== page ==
The common answer you get from most mixed martial artists when asked what they want next is typically the same: “whoever the UFC wants me to fight is fine with me.” Miles Johns, one of the newest members of the UFC’s bantamweight division, is taking a different approach.
Johns recently earned a UFC contract following his unanimous decision win over Richie Santiago at Dana White’s Contender Series. The unbeaten former LFA bantamweight champion was able to score at will on the feet and on the mat — even breaking the jaw of the gritty Santiago — to impress the UFC president. Oddly enough, the Fortis MMA trained fighter dealt with a groin injury that left him far less than 100-percent.
Despite the injury, Johns wasn’t going to miss his opportunity.
“Honestly, I wasn’t happy with my performance overall,” Johns told The Body Lock.
“The groin injury definitely had a part to do with that. This whole training camp was about getting to the fight and I have a great team around me that were helping me get ready for this fight. My gas tank definitely emptied a little bit sooner than normal but I think I felt like 50-percent in there, in all honestly.
“I’m just happy that Dana loved the fight and the crowd loved the fight. I always try to bring an exciting fight and trying to go out there and take people’s heads off. When I see you standing across the cage from me, that switch just flips on and I’m going to try to take you out by any means necessary. Richie was just a zombie — walking forward, walking through shots, trying to come after me — and it made for just an awesome fight.
“When the injury happened, we knew that we had to fight.”
A lot has been made, especially during this season, when it comes to Dana White’s criteria in awarding contracts during the Contender Series. Brendan Loughnane seemed to be the most complete and experienced fighter on the season premiere of the summer favorite when he defeated Bill Algeo by unanimous decision. White would not reward Loughnane with a second chance to compete in the Octagon, mostly due to the fact that Loughnane went for a takedown with 10 seconds left in a fight he was clearly winning.
Although Johns didn’t get the finish in his bout with Santiago, he felt that a contract was certainly in his sights.
“I did feel like I had done enough to get a contract,” Johns said. “I definitely wasn’t happy with how tired I was. That’s usually not my style and I just got done with a five-round fight. I was going for broke.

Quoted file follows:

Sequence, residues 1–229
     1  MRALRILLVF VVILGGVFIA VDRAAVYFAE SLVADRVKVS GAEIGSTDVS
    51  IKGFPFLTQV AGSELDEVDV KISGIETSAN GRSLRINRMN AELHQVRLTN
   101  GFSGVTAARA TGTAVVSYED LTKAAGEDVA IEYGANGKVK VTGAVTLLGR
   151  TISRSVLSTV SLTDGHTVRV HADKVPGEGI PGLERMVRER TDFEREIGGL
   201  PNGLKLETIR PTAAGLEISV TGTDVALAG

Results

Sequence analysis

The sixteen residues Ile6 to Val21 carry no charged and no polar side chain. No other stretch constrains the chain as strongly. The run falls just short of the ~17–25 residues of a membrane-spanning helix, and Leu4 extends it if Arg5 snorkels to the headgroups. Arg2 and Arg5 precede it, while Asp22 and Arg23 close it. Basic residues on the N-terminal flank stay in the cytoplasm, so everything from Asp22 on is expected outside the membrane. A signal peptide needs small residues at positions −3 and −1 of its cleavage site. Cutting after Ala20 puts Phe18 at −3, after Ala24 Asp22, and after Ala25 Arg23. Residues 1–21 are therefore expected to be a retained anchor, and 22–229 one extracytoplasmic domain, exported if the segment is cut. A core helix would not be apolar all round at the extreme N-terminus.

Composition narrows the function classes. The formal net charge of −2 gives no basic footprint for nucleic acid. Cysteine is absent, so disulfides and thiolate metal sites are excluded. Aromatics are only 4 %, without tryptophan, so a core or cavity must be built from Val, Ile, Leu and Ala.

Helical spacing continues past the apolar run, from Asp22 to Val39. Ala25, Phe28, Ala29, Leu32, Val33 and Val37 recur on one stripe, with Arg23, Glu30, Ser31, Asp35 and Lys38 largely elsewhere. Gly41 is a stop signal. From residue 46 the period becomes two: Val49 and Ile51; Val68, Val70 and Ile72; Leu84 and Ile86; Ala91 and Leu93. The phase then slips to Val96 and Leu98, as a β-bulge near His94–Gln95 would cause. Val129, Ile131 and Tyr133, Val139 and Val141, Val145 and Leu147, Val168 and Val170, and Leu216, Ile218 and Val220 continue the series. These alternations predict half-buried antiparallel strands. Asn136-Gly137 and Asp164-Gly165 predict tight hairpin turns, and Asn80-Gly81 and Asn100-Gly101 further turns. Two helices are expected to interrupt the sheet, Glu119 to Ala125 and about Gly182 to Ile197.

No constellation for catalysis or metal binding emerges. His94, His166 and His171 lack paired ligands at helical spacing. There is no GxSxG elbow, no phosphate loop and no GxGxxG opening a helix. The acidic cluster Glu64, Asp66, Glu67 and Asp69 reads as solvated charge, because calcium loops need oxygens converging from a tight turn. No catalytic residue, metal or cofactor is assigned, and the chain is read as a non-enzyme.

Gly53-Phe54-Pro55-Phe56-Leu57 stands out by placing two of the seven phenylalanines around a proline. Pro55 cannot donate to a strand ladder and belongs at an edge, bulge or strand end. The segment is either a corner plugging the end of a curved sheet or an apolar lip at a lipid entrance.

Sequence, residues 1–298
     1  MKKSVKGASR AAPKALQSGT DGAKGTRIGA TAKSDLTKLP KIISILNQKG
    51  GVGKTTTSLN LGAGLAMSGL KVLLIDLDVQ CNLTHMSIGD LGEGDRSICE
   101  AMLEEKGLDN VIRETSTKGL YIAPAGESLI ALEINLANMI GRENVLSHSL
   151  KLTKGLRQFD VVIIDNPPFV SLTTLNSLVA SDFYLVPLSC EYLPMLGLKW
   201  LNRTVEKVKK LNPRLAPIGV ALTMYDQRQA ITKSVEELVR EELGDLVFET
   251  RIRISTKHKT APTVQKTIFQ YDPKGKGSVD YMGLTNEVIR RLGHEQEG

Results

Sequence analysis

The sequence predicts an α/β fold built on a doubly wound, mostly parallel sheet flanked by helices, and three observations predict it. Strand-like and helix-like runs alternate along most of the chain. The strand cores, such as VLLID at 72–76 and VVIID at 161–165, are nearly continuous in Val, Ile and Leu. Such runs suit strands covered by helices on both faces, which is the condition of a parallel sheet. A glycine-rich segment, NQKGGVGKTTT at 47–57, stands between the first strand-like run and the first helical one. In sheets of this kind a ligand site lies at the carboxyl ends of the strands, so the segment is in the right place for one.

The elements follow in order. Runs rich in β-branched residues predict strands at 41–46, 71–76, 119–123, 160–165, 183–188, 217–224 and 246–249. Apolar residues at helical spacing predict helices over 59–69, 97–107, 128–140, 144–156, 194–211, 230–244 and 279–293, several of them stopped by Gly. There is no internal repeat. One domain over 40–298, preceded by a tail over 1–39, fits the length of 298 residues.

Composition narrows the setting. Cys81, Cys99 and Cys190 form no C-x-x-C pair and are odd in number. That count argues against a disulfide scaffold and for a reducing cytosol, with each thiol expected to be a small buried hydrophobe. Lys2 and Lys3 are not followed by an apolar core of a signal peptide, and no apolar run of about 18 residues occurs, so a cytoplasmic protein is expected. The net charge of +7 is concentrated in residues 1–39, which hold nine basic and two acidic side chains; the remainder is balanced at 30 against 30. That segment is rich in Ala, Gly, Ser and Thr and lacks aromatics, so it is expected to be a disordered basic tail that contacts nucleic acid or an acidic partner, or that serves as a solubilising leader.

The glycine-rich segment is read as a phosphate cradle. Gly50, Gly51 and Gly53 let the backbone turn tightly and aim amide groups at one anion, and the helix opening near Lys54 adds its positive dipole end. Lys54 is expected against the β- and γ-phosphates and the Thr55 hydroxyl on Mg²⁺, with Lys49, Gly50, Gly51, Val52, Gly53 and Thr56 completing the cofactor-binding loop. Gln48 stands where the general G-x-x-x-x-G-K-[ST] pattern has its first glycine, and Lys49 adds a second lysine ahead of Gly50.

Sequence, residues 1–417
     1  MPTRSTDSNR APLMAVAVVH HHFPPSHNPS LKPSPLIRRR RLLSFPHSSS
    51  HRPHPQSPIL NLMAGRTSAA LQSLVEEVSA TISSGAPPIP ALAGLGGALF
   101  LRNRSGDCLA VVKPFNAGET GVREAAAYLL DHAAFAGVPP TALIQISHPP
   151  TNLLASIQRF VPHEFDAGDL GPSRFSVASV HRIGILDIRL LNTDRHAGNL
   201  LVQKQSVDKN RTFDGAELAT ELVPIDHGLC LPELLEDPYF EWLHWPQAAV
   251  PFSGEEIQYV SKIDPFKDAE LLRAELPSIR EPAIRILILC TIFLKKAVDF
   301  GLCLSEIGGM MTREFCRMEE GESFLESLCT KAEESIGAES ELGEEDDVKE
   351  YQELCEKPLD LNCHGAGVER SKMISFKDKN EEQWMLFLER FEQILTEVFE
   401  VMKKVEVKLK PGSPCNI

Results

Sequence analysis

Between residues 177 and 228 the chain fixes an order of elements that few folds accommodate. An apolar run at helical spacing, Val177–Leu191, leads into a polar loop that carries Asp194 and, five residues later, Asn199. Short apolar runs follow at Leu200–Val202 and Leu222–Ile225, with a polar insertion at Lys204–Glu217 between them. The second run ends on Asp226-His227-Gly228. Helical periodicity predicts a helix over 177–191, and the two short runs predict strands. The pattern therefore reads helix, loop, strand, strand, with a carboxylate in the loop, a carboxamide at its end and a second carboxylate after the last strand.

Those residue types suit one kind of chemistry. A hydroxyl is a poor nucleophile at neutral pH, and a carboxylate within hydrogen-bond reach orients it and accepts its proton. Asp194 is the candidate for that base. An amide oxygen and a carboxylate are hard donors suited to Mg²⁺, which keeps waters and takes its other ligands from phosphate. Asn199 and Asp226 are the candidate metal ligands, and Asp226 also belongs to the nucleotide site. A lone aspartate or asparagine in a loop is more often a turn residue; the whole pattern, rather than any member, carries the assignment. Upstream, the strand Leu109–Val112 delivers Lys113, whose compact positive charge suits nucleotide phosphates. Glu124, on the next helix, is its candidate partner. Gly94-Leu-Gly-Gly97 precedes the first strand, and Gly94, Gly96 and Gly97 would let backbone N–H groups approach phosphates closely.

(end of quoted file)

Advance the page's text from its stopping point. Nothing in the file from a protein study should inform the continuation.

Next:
“Everybody says Dana hates wrestling, but those guys have seen how many hundreds and thousands of fights. They can tell when wrestling comes into play because it’s part of the style and part of who you are. I have no issues being on my fight. I love standing and banging so I think when he sees me doing that — trying to take people’s heads off — and then adding the wrestling in and those chokes, I felt like the energy in that room was going to be enough.”
Johns’ groin injury has not allowed him to enjoy the fruits of his labor. As his teammate, mentor and now colleague Geoff Neal told him, it’s one thing to be on the roster, but you’re not a UFC fighter until you have a couple of fights in the Octagon under your belt. Johns says it will take around four weeks to get back to full-on training and once that happens, he believes things will move rather quickly.
“I want to make my UFC debut as soon as I possibly can,” Johns explained. “As soon as this is healed up, I’m going to let my coach know to let them know that we’ll be ready to go. I want to get back in there. I felt it was too long since my last fight, it had been around nine months, and I’m excited. I’m hungry.”
The bantamweight division is deep and full of talent. While most fighters are satisfied with taking any fight that the UFC offers them — and there is certainly nothing wrong with that — Johns has seemingly done the homework on his fellow 135-pound counterparts. When asked about a potential debut opponent, Johns was ready to drop some names.
“There’s a couple of guys out there,” Johns said. “Cole Smith I think is a good fight. Mitch Gagnon is a good fight, Domingo Pilarte is a good one — he was in LFA and I thought I was going to get in (on the Contender Series), but he got in before I did — Chris Gutierrez is a good fight. There’s a few guys at that level.
“People say because of my wrestling pedigree that I can be in the top-20, there’s a lot of fighters at that level who think they are top-20. Everybody in the UFC is so tough and so skilled. There’s a mental aspect that goes into that. It’s a game of inches. From that top-20 to the top-30, there’s not that much of a difference. I’m sure there’s a lot of guys who believe they are at that level but I’m here to show them that I’m just a little more ready.”
If Miles Johns had it his way, however, he would shoot a bit higher up the UFC rankings. As a matter of fact, the unbeaten bantamweight prospect has a matchup in mind that he would truly love to have in the future.
“Pedro Munhoz, I think, is an awesome fight for me,” Johns stated. “He’s my size, he’s built the same way as me, he loves to stand up and throw hands, and he has great ground. I have to get payback for my man Matt Hobart, he got the best of him back then. Obviously, he’s at the top of the ranks but I would love that fight. If Pedro had a fight, somebody dropped out and I got in there, that would be gold.”